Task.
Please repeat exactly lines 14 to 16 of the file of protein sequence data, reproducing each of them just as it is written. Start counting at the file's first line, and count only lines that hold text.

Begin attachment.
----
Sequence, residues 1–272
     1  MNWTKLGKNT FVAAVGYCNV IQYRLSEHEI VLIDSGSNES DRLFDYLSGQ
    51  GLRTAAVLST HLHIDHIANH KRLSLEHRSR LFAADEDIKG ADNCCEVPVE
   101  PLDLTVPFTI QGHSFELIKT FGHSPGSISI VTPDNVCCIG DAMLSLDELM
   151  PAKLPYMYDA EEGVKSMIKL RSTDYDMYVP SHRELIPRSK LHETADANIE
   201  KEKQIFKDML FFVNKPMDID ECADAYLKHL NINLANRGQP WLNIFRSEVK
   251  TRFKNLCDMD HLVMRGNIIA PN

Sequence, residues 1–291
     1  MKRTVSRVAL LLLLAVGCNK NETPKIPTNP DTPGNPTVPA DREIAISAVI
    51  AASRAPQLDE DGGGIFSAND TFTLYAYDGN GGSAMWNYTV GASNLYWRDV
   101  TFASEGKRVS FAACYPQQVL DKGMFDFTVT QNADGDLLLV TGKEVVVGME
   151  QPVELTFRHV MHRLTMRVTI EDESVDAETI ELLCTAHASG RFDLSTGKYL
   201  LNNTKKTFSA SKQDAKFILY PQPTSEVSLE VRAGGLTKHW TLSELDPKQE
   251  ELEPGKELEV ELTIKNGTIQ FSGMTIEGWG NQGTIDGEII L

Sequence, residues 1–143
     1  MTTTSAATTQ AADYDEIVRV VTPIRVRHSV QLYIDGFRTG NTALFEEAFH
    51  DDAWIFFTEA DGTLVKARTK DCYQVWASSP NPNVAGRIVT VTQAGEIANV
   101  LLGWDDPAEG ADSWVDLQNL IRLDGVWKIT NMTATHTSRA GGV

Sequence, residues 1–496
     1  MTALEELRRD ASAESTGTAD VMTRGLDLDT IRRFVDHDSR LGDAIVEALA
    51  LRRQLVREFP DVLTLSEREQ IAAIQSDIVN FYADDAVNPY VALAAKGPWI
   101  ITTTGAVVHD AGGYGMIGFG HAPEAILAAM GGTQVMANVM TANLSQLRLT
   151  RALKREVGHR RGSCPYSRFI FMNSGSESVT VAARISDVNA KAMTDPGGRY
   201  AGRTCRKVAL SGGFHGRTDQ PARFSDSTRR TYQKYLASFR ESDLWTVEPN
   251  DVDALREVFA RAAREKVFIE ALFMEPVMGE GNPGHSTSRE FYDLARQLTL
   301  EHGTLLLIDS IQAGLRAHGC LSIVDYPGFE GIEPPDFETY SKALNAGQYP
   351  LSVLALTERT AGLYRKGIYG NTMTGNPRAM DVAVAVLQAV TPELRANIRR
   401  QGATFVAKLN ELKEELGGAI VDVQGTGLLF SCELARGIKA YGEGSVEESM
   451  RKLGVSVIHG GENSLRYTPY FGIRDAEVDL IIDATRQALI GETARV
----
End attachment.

   251  ELEPGKELEV ELTIKNGTIQ FSGMTIEGWG NQGTIDGEII L

Sequence, residues 1–143
     1  MTTTSAATTQ AADYDEIVRV VTPIRVRHSV QLYIDGFRTG NTALFEEAFH